Helping the Mentally Ill Help Themselves

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					Helping the Mentally Ill Help Themselves
Anyone who has worked in the mental health system can recite a litany of
patients who spin through its revolving doors over and over. They become
familiar faces and stories, some loved, some disdained.
This subset of patients return again and again for a variety of reasons,
but the most common one is noncompliance with medications. This happens
often times because of money and access, other times because of flat-out
refusal.
Misfortune often laughs at our weakest, and some of these people end up
floating face-down in a river after successful suicide, or mumbling in
the hallways of a state mental hospital where they are psychologically
buffed-up to competently stand trial for some bloody violence. The rest?
Well, they walk among us.
As I've written in posts past, the mental health system in America is
bleeding to death. The causes are most certainly legion, but the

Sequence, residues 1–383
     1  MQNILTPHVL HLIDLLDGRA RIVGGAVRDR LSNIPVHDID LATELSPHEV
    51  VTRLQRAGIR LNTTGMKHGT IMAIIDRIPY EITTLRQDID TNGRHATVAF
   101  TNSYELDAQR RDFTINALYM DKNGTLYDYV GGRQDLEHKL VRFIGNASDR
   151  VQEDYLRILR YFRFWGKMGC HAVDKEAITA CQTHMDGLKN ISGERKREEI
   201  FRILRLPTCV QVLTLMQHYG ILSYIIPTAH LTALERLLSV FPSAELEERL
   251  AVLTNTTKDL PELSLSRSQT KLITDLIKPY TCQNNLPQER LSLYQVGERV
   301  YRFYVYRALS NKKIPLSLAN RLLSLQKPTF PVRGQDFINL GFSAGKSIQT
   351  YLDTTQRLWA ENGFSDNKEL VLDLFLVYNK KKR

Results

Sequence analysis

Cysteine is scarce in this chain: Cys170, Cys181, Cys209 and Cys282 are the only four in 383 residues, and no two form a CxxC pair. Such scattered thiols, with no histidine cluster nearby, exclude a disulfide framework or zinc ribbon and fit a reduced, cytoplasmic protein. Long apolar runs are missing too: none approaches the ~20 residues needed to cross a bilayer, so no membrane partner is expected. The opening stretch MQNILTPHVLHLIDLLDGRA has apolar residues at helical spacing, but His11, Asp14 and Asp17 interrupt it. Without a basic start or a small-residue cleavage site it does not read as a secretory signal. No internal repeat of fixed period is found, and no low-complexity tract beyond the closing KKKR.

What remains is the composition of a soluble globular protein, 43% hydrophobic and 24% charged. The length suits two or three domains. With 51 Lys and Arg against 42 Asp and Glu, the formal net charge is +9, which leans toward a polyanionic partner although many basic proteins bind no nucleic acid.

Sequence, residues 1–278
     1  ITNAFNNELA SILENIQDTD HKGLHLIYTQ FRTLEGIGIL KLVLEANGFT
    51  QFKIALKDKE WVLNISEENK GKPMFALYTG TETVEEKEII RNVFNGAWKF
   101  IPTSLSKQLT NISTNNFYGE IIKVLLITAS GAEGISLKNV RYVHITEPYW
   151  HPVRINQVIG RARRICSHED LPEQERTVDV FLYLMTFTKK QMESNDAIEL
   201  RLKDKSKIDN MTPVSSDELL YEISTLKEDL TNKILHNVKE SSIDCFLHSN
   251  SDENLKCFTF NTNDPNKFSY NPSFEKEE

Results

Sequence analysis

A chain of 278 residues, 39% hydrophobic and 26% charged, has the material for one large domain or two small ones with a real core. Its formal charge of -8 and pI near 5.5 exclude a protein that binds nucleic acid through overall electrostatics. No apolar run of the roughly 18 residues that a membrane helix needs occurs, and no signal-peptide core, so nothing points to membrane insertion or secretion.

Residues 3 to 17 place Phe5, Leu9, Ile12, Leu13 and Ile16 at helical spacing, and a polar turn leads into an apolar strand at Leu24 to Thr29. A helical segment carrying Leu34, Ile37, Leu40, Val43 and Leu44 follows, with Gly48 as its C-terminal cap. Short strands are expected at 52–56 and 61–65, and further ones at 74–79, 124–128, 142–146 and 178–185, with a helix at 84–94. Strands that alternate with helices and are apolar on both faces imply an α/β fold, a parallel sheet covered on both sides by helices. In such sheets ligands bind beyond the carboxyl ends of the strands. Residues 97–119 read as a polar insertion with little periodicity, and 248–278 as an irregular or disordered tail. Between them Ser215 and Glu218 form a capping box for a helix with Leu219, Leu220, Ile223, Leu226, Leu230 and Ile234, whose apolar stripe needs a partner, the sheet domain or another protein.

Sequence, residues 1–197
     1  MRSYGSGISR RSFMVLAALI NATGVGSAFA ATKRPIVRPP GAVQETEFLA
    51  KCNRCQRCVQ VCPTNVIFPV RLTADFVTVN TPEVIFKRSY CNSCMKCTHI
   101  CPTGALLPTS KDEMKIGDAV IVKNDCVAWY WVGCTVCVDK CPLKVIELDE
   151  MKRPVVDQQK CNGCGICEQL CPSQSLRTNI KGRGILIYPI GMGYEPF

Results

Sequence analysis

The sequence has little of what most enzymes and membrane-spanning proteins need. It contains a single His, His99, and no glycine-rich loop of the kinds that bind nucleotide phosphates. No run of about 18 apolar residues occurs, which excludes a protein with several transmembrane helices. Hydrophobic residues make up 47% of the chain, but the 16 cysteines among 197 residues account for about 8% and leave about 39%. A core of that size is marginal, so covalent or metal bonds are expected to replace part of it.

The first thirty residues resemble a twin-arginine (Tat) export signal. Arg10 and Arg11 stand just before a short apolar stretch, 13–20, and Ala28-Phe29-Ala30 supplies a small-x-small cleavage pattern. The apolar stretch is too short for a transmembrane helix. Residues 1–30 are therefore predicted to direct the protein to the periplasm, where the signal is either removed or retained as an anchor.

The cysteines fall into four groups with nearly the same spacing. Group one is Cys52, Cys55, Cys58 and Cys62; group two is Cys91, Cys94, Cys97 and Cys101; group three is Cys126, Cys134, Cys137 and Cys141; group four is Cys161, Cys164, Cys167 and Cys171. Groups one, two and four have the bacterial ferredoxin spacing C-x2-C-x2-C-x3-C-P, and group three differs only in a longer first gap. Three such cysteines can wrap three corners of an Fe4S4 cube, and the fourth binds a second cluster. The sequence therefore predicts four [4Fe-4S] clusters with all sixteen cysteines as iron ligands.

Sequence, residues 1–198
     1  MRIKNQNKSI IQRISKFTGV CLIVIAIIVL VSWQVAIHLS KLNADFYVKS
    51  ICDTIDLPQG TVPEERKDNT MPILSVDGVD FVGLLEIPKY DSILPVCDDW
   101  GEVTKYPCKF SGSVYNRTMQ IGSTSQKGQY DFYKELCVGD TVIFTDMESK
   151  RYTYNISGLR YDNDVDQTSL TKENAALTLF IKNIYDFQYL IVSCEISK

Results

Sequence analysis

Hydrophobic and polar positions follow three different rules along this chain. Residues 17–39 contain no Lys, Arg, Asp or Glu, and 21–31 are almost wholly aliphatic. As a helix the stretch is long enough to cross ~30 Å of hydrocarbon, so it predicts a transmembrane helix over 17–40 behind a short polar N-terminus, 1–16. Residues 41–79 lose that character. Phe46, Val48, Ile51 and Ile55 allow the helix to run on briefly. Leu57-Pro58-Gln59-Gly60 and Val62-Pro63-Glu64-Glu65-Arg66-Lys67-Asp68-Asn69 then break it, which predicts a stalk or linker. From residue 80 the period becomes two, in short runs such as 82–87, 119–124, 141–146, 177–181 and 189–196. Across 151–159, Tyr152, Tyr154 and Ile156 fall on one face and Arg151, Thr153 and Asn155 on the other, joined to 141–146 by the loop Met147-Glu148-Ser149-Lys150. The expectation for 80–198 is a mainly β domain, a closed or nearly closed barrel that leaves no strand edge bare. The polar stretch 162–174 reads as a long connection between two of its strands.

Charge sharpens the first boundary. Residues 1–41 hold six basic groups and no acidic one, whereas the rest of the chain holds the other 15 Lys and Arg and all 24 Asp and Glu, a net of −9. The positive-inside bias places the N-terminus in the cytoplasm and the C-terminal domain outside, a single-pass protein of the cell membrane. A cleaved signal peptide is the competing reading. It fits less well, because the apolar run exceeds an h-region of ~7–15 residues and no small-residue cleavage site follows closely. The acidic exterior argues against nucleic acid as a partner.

hemorrhage can be stemmed by creating law and infrastructure to get the
most seriously mentally ill treated. How to do this?
Assisted Outpatient Treatment (AOT)
There's a prima facie impression that only a relative handful of us give
a damn about mental health. After all, last week Congress had to pass a
law just to push mental health benefits up to par with other medical
treatments. Psychiatrists are the lowest paid medical specialists in the
nation. Psychiatric programs are often relegated to the farthest corners
of medical centers. Mental health staff are often among the lowest
compensated employees. Indeed, it can feel like a service begrudgingly
given.
Realistically, mental health's black sheep status is more a matter of
evasion than indifference, of exasperation than antipathy, although there
is a mix of all those. Sometimes they coalesce to create a perfect storm.
Kendra Webdale
On a rainy Sunday afternoon in January 1999, 32-year-old Kendra Webdale